This project investigated how small islands and their communities could achieve sustainability through managing vulnerabilities to their heritage. Three case studies were selected: Brownsea Island in southern England, the Faroe Islands in the North Sea, and Rathlin Island in Northern Ireland.
The field work yielded a three-level framework of (1) the fundamental ethos which should be adopted, (2) guiding principles for delineating an overall strategy needed to effect the ethos, and (3) operational manuals for carrying out the work. Limitations of the field work and this framework were also explored.
The fundamental ethos adopted is that managing vulnerabilities to heritage can and should be used to achieve sustainable communities. Small islands are particularly important for such work and they deserve much more prominence and resources than they traditionally receive.
Four guiding principles were proposed.
Guiding Principle 1: Taking or creating risk can be appropriate.
To achieve sustainability through managing vulnerabilities to small island heritage, investment might be needed initially. On Rathlin, the National Trust’s choice to invest or not to invest could be the main determining factor in whether or not Rathlin becomes sustainable. Nonetheless, if investment is made, a small chance still exists that Rathlin livelihoods would not be sustained, even with the National Trust’s expertise and clout. The investment might not yield the desired results, but the potential gain is so immense and the lessons learned would be so valuable irrespective of the outcome, that taking the risk would be worthwhile.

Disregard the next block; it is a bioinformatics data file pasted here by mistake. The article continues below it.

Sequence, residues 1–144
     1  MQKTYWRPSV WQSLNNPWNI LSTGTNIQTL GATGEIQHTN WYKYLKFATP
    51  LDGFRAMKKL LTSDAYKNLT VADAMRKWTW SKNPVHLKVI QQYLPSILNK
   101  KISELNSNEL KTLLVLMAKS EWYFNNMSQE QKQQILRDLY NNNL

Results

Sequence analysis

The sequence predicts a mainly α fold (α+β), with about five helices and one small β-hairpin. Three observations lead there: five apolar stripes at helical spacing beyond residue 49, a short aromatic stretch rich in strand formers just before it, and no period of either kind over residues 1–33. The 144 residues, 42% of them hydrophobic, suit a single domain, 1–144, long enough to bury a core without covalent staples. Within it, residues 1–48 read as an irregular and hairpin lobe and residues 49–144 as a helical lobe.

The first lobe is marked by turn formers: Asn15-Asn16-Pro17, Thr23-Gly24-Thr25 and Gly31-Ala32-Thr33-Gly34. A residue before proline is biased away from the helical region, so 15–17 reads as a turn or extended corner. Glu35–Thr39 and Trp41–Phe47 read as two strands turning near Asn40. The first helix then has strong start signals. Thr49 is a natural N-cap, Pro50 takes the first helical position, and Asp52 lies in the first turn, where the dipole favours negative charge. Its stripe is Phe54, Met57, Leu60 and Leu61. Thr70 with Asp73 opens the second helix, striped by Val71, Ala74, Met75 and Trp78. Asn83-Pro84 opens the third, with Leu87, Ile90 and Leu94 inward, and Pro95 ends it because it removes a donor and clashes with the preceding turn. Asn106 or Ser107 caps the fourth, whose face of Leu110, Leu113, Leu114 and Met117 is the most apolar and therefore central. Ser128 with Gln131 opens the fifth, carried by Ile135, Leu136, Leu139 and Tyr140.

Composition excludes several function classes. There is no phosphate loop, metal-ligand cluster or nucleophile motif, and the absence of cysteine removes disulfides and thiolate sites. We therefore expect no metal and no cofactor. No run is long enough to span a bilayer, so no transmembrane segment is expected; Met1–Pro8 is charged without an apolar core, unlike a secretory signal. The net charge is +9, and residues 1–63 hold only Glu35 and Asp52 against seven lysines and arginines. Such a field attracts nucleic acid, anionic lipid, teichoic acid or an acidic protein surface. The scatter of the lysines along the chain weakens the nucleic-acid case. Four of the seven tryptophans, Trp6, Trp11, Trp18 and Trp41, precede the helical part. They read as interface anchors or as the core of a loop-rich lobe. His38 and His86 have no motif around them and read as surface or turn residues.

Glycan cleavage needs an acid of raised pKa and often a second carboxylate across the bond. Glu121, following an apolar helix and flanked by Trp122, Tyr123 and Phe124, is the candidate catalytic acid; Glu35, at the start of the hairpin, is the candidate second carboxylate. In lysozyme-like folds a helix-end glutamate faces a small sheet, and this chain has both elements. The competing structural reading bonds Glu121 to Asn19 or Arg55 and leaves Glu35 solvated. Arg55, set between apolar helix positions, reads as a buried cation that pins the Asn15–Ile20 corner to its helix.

Guiding Principle 2: Heritage can build and sustain communities.
The National Trust can and should build and sustain communities. The National Trust implements this principle in many locations. Due to their importance and marginalisation, small islands should be a National Trust priority for such activities.
Guiding Principle 3: Be clear and honest about needs and capabilities.
Heritage sites and the National Trust cannot be everything to everyone. Such limitations should be clearly and openly acknowledged. For example, income from tourists is needed on the Faroes, but heritage sites might appeal to a limited clientele due to weather, remoteness, and required physical fitness. Nonetheless, marketing should be honest to attract the type of visitor who would enjoy and contribute to the Faroes. Knowing limitations and admitting them openly would help to develop viable plans and to suggest the other inputs which would be essential for success.
Guiding Principle 4: An all-vulnerability approach should be considered.
Specific vulnerabilities should be viewed in the wider, comprehensive context. All time and space scales, environmental and non-environmental vulnerabilities, and event-based and ongoing vulnerabilities should be considered along with possible combinations. An all-vulnerability approach is needed to avoid saving one heritage site at the cost of harming or losing the community.